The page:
14. Population-based absolute risk estimation with survey data

    Science.gov (United States)

    Kovalchik, Stephanie A.; Pfeiffer, Ruth M.

    2013-01-01

    Absolute risk is the probability that a cause-specific event occurs in a given time interval in the presence of competing events. We present methods to estimate population-based absolute risk from a complex survey cohort that can accommodate multiple exposure-specific competing risks. The hazard function for each event type consists of an individualized relative risk multiplied by a baseline hazard function, which is modeled nonparametrically or parametrically with a piecewise exponential model. An influence method is used to derive a Taylor-linearized variance estimate for the absolute risk estimates. We introduce novel measures of the cause-specific influences that can guide modeling choices for the competing event components of the model. To illustrate our methodology, we build and validate cause-specific absolute risk models for cardiovascular and cancer deaths using data from the National Health and Nutrition Examination Survey. Our applications demonstrate the usefulness of survey-based risk prediction models for predicting health outcomes and quantifying the potential impact of disease prevention programs at the population level. PMID:23686614

  15. Trends for type 2 diabetes and other cardiovascular risk factors in Mexico from 1993-2006.

    Science.gov (United States)

    Villalpando, Salvador; Shamah-Levy, Teresa; Rojas, Rosalba; Aguilar-Salinas, Carlos A

    2010-01-01

    To describe the trends in the prevalence of type 2 diabetes (T2D), and other cardiovascular risk factors in three national health surveys (1993, 2000 and 2006). The databases of three surveys: ENEC 1993, ENSA 2000 and ENSANUT 2006 were gathered. Calculations of published data were reprocessed to do appropriate adjustments to assure comparability among surveys. From 1993 to 2006 the prevalence of type 2 diabetes (6.7-14.4%), metabolic syndrome (26.6-36.8%), hypertension (23.8-30.7%), hypercholesterolemia (27-43.6%), and high LDL-cholesterol (31.6-46%) increased rapidly. The prevalence of low HDL cholesterol was very high (60.5-63%) in all surveys and remained remarkably unchanged among surveys. This increasing trends for the prevalence of T2D and cardiovascular risk factors predicts larger increments in the near future for T2D and cardiovascular morbidity and mortality. Intensification of the preventive and remedy strategies is mandatory in order curve the foreseen dramatic increment in the disease burden.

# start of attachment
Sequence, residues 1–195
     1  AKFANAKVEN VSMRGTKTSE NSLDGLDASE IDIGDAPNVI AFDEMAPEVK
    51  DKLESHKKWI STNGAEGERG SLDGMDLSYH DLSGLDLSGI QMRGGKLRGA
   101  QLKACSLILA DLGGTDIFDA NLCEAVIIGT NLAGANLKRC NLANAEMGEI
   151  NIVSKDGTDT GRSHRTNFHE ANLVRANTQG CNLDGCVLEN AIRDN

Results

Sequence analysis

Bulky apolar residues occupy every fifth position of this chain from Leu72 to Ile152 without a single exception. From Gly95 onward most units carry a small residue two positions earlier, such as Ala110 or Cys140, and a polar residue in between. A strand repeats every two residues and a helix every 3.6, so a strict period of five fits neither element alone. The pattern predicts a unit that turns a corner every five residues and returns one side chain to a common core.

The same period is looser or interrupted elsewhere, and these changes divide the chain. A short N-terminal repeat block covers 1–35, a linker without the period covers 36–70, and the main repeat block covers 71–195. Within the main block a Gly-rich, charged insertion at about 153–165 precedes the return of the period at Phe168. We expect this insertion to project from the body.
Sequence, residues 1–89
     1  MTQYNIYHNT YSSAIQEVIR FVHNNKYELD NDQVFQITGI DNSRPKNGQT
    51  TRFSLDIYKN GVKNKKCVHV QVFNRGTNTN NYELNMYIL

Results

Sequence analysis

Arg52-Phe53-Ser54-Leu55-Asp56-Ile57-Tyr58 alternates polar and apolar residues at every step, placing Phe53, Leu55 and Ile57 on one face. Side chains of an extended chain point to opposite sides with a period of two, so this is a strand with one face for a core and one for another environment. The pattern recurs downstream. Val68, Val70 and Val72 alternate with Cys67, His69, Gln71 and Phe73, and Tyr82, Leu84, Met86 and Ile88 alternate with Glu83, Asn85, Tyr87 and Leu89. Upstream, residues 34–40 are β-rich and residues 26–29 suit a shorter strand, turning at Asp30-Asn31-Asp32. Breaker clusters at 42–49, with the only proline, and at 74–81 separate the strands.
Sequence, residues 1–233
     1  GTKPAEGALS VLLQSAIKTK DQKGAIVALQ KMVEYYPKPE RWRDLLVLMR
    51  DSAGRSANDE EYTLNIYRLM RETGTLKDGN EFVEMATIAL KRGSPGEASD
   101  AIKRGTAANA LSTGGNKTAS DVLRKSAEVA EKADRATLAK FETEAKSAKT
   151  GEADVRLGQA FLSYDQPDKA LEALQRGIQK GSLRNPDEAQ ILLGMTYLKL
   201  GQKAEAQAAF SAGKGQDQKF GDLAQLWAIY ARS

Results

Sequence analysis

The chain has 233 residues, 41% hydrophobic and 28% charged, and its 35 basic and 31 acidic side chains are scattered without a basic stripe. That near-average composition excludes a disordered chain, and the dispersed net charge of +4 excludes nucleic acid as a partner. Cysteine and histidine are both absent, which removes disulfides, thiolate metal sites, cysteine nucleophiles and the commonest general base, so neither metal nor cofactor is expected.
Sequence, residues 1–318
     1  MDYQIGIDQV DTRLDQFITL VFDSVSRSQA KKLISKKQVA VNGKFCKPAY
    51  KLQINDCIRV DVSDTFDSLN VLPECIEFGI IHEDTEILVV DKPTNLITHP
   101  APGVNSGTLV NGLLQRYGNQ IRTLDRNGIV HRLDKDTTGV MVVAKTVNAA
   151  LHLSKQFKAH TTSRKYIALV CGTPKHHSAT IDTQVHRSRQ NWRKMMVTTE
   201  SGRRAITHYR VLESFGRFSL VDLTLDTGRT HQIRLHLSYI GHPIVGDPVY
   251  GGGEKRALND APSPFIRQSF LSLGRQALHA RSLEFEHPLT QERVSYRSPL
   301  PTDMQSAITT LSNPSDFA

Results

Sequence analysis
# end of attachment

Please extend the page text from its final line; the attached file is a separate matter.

16. Risk factors for suicide in schizophrenia: systematic review and clinical recommendations.

    Science.gov (United States)

    Popovic, D; Benabarre, A; Crespo, J M; Goikolea, J M; González-Pinto, A; Gutiérrez-Rojas, L; Montes, J M; Vieta, E

    2014-12-01